7 Things You Want to Ignore (but Shouldn't)

Got spare time on your hands this month? Use it to sort out all those things you keep putting off
Wednesday , 19 October 2011
7 Things You Want to Ignore (but Shouldn't)

From enjoying the UAE brunches to hitting the malls, there are so many more interesting things to do in life than, well, all those bits you’ve been putting off. We’ll often do almost anything to avoid facing reality. “The reason we procrastinate is down to fear, anxiety and a lack of self-confidence,” explains counsellor Diana Parkinson. “But proactively addressing issues will increase your self esteem and stress will vanish.” So why not spend your down time getting all those niggly things sorted?

Paying off your debts
"Procrastinating just makes us feel more guilty. We become filled with stomach-churning stress over all that we’ve put off dealing with,” says Parkinson. Sound familiar? It’s likely that you can relate to this if you’re saddled with credit card debt, but the solution is easy. Cut up your card to prevent temptation, then arrange the largest payment you can afford each month until the amount is paid off. It may take two years to undo the messy debt created by just a few months of shopping, so think twice before a) ignoring the problem and b) buying things you don’t need.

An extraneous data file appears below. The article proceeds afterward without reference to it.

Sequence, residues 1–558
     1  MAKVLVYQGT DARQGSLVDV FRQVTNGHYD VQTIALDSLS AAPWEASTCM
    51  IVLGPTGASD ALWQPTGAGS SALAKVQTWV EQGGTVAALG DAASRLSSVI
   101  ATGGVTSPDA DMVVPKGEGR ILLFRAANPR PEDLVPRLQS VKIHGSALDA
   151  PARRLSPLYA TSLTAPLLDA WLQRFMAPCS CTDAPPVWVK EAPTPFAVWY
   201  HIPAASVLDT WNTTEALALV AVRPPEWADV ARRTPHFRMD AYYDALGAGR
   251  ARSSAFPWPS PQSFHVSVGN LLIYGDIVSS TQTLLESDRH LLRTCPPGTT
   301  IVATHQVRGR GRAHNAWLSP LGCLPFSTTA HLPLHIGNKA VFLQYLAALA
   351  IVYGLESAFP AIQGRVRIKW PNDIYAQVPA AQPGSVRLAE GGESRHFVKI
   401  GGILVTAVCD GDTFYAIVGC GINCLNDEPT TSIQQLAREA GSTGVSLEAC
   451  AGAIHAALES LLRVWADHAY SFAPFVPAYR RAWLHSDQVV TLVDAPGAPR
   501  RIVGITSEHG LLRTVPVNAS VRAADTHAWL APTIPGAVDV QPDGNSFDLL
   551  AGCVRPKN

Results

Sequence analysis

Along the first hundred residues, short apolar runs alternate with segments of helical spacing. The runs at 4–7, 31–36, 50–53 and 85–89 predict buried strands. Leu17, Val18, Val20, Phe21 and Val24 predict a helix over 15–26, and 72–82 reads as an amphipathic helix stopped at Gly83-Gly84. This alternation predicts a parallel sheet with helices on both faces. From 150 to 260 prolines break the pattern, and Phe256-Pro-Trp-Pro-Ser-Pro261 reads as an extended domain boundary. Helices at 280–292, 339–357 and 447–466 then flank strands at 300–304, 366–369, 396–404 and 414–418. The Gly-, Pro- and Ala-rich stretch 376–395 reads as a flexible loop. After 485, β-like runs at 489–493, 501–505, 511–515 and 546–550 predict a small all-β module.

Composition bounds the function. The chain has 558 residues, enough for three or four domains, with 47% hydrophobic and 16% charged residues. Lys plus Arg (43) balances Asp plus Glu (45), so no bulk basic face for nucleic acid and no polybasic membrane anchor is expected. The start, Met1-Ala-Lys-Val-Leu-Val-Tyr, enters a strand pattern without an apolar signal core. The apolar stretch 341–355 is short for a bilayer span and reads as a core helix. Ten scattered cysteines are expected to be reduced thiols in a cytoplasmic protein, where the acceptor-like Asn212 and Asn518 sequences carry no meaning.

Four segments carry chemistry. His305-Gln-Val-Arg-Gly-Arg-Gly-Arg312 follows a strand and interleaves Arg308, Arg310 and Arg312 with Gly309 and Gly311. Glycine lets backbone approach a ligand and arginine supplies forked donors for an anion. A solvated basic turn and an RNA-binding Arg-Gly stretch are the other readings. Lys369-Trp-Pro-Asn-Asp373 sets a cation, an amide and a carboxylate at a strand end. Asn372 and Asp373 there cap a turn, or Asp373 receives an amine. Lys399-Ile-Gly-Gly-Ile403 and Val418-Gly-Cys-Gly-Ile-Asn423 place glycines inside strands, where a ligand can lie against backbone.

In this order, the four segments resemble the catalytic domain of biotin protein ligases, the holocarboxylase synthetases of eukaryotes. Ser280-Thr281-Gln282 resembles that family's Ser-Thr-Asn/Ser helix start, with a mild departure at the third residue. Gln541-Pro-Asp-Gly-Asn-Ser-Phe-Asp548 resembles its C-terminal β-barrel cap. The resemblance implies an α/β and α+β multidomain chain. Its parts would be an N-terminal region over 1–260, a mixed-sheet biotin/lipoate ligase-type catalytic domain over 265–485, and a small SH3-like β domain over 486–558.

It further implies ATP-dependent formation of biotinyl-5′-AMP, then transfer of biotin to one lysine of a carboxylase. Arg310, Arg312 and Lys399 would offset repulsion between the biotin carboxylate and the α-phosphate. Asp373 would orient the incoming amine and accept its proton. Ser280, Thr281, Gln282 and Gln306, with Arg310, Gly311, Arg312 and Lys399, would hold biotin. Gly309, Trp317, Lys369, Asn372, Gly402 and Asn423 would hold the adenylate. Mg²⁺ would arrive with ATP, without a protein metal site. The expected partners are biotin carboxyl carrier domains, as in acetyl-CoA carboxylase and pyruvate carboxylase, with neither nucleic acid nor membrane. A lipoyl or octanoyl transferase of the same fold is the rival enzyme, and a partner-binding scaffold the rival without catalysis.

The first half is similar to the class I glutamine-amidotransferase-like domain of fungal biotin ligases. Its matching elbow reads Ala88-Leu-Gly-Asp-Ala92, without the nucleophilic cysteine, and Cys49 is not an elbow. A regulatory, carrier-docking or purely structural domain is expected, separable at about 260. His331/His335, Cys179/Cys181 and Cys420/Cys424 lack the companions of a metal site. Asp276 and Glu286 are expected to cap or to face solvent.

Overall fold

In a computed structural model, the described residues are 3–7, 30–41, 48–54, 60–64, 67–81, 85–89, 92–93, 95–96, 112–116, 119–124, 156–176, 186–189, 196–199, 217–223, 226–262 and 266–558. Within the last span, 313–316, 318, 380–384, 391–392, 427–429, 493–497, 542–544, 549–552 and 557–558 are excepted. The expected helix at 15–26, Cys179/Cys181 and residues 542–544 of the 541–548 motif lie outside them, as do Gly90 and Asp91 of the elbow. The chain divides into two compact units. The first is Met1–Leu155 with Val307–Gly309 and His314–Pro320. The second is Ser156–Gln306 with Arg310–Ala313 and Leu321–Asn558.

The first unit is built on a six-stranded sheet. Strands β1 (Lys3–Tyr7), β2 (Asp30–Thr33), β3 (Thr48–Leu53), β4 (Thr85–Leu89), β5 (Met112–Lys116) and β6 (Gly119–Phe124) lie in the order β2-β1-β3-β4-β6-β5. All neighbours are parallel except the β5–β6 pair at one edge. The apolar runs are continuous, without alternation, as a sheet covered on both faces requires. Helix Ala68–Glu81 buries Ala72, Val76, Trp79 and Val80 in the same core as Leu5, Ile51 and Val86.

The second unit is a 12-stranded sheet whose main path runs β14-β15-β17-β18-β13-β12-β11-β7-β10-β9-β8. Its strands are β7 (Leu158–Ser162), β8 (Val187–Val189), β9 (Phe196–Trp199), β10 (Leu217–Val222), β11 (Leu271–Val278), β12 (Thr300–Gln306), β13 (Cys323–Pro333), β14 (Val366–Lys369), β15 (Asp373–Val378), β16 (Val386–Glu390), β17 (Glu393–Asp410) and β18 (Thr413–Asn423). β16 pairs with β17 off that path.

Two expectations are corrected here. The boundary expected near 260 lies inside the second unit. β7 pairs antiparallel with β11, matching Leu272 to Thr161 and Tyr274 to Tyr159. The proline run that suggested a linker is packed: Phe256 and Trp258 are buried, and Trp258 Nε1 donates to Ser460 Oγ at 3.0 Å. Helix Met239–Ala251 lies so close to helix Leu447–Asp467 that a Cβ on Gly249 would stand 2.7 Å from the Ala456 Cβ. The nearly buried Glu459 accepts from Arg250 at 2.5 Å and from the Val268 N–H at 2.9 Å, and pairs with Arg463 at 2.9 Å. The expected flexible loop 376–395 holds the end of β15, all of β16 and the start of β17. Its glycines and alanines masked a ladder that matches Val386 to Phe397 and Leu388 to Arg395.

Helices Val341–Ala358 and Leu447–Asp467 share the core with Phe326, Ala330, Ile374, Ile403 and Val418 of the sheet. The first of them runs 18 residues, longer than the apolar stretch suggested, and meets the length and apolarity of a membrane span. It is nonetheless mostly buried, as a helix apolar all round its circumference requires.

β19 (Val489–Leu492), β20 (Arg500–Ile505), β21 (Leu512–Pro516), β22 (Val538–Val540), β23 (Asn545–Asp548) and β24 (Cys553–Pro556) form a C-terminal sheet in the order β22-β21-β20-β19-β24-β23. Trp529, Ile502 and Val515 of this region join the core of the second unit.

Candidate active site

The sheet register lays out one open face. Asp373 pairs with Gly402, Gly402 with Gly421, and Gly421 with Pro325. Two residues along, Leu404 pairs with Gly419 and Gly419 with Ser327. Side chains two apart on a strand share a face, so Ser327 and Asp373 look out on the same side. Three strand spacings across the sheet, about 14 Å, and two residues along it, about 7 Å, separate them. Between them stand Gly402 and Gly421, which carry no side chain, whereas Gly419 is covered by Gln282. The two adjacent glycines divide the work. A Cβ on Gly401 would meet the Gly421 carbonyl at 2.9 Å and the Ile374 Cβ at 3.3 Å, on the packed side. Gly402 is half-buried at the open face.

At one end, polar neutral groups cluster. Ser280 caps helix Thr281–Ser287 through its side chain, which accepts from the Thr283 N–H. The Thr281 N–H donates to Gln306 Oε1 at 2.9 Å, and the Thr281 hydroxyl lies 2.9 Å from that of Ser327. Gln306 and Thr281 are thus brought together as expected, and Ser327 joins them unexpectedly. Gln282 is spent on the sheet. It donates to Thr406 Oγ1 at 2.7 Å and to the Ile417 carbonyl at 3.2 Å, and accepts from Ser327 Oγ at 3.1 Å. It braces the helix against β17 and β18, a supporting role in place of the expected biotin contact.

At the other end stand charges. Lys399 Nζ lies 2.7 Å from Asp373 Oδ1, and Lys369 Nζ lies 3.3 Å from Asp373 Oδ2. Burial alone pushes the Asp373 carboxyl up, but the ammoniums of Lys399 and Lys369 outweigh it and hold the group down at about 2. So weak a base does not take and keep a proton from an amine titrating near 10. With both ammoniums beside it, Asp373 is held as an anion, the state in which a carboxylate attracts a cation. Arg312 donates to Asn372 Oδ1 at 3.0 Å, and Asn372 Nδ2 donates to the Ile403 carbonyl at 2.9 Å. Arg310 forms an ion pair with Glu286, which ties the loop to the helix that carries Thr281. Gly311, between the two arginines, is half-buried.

Making a will
Statistics show that a staggering 80 per cent of us leave this crucial job until the very last minute. It’s not surprising, considering most of us would rather brush our teeth with our toenails than think about death, but if you live in the UAE, you should make your will as early as possible, especially if you’re married, have kids or own property. According to the Dubai Government, “Since the UAE is a Muslim country, all courts adhere to Sharia laws in regard to inheritance in case of no wills.” This means that without a legal will, your assets will be distributed as the government sees fit, sometimes resulting in your immediate family being left without. To protect yourself, visit a reputable firm with local legal knowledge that can work with a solicitor in your home country to ensure your loved ones benefit.

That loose-lipped moment